Monday, August 20, 2007

Pap Smears

1. Thanks to Boris Celser for this brilliant comment. The "books" by
anti-Semite lecturer Ilan Pappe, including those alleging Israel conducted
"ethnic cleansing" of Arabs, should be known as PAP SMEAR!

The latest Pap Smear is discussed here:

2. Nice web site:

3. So many pogromchiks. So few gallows:

4. The sinking of the Reform movement:,7340,L-3439155,00.html

5. Cowardice begets cowardice:,7340,L-3436550,00.html

6. San Francisco State University has been leading the jihad in the
Bay Area. Now this:

August 20, 2007


Our Religious Destiny
August 20, 2007; Page A11
Recently the presidential campaigns have been turning to talk of the
candidates' religious faith. Barack Obama proclaims a "personal
relationship" with Jesus Christ. Democratic candidate John Edwards is on
the religious offensive, speaking for Jesus himself when he tells an
interviewer he thinks Christ "would be appalled" by our current policies
regarding poverty and the war. Even the candidate who is arguably the
least religious of the frontrunners -- Rudy Giuliani -- feels compelled to
defend himself publicly on questions of whether he is "Catholic enough."
The salience of religion in our presidential politics perplexes Europeans,
who generally see religion as a weird relic from the pre-scientific past.
If Angela Merkel or Nicolas Sarkozy had made public statements during
their campaigns about their personal relationship with Jesus Christ, it
probably would have ended their political aspirations right then and
there. As the head of a French think tank put it, "The biblical references
in politics, the division of the world between good and evil, these are
things that [Europeans] simply don't get. In a number of areas, it seems
to me that we are no longer part of the same civilization."
This is now hyperbole. According to data from the 2002 International
Social Survey Programme, an American is four times likelier than a
Frenchman to attend a house of worship regularly, and eight times likelier
than a Norwegian. Europeans are more likely to disdain faith openly: In
1998, the average Dane was seven times likelier than an American to agree
that, "Religions bring more conflict than peace."
Many secular Americans envy the nonreligious Europeans and look
expectantly to the day our presidential candidates finally abandon once
and for all tortured religious rhetoric and focus on the earthbound
business of human politics. This is not just evident from the lawsuits
challenging the constitutionality of public manifestations of religiosity.
The free market reveals it as well -- witness the best selling success of
recent books that make the case for atheism and rail against religion in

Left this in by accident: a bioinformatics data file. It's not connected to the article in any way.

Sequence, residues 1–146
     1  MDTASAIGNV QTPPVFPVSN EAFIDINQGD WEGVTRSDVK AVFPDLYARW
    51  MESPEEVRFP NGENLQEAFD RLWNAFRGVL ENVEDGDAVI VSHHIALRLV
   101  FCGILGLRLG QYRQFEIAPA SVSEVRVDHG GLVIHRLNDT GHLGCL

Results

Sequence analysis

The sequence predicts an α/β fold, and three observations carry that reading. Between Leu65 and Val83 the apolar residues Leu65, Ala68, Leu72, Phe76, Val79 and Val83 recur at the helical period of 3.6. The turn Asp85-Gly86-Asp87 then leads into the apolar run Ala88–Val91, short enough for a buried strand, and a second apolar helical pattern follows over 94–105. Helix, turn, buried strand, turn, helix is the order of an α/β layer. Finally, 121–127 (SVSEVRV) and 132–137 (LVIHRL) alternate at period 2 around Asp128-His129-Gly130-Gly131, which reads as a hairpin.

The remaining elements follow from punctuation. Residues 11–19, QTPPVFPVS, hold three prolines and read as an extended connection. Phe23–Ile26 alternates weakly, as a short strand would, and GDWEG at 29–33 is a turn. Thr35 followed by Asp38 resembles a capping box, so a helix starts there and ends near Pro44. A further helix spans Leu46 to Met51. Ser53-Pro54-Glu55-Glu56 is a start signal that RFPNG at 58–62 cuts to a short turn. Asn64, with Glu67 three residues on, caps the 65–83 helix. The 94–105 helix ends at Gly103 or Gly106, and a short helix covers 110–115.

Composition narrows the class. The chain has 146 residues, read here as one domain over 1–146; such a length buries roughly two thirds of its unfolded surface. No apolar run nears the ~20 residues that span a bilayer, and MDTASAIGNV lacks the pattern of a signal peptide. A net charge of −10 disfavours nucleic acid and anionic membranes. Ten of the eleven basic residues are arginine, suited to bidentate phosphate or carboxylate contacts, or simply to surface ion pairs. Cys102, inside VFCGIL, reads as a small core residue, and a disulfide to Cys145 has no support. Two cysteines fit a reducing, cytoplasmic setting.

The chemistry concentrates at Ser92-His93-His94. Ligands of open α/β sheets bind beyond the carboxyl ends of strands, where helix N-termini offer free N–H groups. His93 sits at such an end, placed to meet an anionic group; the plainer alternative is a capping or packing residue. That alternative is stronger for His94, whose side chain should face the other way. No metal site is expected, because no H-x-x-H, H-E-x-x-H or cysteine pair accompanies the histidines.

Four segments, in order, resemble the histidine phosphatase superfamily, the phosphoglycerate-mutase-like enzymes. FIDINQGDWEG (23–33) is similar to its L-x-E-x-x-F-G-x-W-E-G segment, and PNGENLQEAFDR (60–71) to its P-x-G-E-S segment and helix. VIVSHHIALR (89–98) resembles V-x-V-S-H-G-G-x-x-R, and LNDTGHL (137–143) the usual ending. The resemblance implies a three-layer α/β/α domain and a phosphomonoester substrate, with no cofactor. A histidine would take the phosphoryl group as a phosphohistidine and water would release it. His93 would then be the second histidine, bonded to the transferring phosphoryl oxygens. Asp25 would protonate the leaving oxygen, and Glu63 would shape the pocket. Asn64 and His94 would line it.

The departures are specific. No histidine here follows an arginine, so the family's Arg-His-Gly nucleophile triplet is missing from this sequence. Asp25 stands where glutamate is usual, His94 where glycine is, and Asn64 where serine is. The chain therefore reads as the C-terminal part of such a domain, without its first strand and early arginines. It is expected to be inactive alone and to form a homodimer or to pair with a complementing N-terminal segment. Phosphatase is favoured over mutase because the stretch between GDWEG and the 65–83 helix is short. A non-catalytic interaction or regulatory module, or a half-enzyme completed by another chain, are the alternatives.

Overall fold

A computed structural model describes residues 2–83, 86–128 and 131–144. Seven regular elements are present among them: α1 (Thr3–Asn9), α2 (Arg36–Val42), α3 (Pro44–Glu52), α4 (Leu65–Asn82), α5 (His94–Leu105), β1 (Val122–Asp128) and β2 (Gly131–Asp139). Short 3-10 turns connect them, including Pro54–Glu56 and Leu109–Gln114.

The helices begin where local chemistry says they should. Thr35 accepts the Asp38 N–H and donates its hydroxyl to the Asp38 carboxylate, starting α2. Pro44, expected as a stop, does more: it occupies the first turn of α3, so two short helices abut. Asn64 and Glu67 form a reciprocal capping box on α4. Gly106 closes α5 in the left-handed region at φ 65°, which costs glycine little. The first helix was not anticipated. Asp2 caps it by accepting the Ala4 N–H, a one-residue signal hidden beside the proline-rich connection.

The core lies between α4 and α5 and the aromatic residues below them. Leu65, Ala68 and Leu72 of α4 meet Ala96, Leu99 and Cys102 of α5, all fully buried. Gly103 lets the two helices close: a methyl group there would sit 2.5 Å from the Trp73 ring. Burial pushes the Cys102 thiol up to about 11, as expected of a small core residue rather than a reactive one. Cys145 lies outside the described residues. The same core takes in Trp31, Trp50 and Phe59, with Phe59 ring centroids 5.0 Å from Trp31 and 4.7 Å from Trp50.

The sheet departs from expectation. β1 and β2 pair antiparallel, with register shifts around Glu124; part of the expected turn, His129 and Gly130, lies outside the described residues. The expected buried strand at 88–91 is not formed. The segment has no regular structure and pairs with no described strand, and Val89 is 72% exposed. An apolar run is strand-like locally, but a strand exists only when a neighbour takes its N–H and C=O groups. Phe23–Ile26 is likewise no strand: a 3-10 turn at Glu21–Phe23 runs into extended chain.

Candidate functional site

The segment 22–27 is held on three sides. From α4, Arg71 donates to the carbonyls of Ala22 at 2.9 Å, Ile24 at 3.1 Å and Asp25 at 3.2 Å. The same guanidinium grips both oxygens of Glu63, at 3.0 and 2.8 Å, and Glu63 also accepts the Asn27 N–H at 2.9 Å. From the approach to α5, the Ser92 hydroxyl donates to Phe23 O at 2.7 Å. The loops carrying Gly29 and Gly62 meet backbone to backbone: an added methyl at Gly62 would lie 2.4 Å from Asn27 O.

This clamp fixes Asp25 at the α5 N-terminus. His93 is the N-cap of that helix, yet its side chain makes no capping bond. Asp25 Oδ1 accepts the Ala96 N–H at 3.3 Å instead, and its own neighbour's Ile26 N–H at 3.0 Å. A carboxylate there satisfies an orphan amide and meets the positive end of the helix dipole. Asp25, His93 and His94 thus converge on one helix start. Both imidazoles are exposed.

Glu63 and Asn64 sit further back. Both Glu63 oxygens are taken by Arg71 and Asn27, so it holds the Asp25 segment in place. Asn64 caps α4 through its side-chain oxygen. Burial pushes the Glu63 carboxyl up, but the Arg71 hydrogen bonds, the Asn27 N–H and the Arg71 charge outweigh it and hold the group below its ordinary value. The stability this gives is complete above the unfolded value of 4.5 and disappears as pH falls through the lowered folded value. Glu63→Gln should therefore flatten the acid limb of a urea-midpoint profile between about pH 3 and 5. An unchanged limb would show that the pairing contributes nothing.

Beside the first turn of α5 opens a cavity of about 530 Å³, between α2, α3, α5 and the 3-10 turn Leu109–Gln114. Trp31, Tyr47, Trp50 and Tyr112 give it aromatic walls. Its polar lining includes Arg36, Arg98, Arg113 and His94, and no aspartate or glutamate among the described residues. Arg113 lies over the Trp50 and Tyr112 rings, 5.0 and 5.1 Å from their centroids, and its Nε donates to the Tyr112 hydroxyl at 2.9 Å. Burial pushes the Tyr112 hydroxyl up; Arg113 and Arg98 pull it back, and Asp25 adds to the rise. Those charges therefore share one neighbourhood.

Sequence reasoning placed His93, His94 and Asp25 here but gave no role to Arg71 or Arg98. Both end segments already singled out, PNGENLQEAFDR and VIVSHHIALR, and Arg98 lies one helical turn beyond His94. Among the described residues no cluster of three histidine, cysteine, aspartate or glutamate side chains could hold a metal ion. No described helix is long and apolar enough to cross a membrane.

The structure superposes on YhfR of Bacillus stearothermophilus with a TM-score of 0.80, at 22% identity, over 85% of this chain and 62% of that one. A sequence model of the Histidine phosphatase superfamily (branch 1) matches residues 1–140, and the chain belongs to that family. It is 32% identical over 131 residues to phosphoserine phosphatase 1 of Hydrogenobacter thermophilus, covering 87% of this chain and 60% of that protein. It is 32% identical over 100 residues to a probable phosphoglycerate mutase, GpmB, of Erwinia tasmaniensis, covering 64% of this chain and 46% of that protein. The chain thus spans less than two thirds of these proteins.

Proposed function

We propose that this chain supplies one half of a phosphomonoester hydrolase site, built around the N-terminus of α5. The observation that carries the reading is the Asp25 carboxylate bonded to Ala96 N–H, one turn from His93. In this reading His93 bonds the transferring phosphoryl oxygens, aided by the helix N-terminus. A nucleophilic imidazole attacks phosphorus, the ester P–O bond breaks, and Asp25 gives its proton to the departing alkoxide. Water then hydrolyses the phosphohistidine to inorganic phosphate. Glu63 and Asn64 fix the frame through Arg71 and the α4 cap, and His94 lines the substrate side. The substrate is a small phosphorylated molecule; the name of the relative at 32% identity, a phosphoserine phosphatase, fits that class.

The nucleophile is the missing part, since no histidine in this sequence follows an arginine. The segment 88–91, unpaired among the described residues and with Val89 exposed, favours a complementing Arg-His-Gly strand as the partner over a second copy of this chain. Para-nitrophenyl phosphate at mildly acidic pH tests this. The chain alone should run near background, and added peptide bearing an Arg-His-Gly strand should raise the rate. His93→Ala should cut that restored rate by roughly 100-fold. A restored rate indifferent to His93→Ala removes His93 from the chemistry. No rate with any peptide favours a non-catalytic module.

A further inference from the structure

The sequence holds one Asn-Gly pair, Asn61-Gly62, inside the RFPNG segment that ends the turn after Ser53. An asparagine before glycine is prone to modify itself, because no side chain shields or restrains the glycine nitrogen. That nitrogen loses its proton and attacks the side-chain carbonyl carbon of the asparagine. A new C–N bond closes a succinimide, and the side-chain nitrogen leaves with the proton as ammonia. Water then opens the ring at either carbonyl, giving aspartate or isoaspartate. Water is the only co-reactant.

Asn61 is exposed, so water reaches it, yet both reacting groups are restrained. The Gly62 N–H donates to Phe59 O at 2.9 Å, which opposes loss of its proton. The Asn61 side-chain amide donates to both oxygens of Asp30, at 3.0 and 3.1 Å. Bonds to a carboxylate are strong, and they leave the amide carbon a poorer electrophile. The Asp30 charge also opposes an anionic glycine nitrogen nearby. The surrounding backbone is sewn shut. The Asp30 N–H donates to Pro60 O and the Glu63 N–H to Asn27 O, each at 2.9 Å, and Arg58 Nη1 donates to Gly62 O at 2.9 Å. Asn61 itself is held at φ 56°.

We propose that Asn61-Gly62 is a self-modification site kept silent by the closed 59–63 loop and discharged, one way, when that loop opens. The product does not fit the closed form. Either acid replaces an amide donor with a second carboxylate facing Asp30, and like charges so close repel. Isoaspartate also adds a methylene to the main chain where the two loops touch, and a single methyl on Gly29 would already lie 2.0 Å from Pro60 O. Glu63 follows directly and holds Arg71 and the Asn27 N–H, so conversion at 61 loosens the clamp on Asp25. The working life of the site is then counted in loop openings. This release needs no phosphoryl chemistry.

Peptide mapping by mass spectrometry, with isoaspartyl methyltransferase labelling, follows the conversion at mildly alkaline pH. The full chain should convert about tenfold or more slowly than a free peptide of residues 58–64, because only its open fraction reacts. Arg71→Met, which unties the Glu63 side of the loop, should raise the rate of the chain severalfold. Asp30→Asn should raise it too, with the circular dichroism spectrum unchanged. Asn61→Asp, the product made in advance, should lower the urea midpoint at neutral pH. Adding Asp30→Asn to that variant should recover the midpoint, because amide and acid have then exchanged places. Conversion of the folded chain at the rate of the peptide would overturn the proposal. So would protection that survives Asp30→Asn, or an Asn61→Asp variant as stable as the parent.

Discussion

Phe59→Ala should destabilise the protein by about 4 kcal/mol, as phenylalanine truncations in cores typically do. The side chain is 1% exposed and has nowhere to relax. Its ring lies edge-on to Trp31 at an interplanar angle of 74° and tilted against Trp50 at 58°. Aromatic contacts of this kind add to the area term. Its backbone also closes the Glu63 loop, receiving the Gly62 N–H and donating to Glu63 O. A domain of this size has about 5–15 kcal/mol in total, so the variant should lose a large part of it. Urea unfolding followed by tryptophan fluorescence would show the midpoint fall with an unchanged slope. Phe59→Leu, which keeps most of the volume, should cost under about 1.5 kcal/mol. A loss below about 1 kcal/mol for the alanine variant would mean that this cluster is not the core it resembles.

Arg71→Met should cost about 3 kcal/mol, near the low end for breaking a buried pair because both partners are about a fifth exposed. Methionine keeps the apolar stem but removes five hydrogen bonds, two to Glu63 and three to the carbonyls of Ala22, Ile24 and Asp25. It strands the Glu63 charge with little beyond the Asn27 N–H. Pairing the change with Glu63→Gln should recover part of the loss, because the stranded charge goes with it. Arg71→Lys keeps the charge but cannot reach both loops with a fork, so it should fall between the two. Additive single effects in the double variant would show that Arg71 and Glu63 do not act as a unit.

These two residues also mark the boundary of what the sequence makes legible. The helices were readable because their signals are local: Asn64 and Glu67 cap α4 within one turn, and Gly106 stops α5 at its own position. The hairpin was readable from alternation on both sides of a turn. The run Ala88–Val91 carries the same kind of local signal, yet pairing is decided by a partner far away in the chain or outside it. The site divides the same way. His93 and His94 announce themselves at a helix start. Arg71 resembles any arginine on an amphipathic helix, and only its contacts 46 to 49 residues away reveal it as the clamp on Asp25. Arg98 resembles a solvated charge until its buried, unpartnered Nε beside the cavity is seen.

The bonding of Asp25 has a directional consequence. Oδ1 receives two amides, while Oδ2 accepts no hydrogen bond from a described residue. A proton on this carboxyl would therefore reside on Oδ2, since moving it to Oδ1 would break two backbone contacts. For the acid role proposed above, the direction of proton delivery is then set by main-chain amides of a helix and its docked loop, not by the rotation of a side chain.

public life, such as Richard Dawkins's "The God Delusion" and Christopher
Hitchens's "God is not Great."
Markets don't lie: Lots of Americans are obviously sympathetic. Yet in all
likelihood religion will grow as a social force in American culture and
politics over the coming decades. The reason: A secular nation needs
secular citizens. And nonreligious Americans are outstandingly weak when
it comes to the most efficacious way to achieve this: by having kids.
If you picked 100 adults out of the population who attended their house of
worship nearly every week or more often, they would have 223 children
among them, on average, according to the 2006 General Social Survey. Among
100 people who attended less than once per year or never, you would find
just 158 kids. This 41% fertility gap between religious and secular people
is especially meaningful because people tend to worship more or less like
their parents. According to data collected in 1999 by Gallup, 60% of
adults who were taken to church at least once per month as children grew
up to attend at least this often; only 15% stopped attending as adults.
The demographic implications are even more profound for the political
left, where a disproportionate number of secularists are located.
Religious people who call themselves politically "conservative" or "very
conservative" are having, on average, an astounding 78% more kids than
secular liberals. Studies show that people are even more likely to vote
like their parents than they are to worship like them. The secular left,
therefore, has to rely on the tough slog of bringing people from the
political and religious middle over to their views. The religious right
simply has to keep having lots of babies.
In short, unlike Europe, there is no indication that the competitive
market for souls will shrivel any time soon. And candidates likely will be
demonstrating their religious credentials for many elections to come.
Mr. Brooks, a professor at Syracuse University's Maxwell School of Public
Affairs and a visiting scholar at the American Enterprise Institute, is
the author of "Who Really Cares" (Basic Books, 2006).
URL for this article:

7. Muzzle Watch is one of the most anti-Semitic web sites around. It
is pro-terror, and Israel, and is run by the ultras from the "Jewish
Voices for Peace," a group of supposed Jews speaking up in favor of war
against Israel. Its raison d'etre is to promote the anti-Semitic libel
that Jews control the media and "muzzle" criticism of Israel. Sure they
do. That is why one cannot find any anti-Israel articles at all in the
media or on the web.

Having said this, nevertheless it is interesting to note that in the
United States the extremist moonbat Left sometimes defends freedom of
speech for non-leftists, unless the Far Left in Israel. There are several
recent examples of this. On the Muzzlewatch web site this week is a piece
defending Prof. Hillel Weiss from being prosecuted and harassed for
cussing out an army officer:

As a second example consider Peter Kirstein, an ultra-leftist anti-Semitic
anti-American history prof at St. Xavier's University in Chicago. He is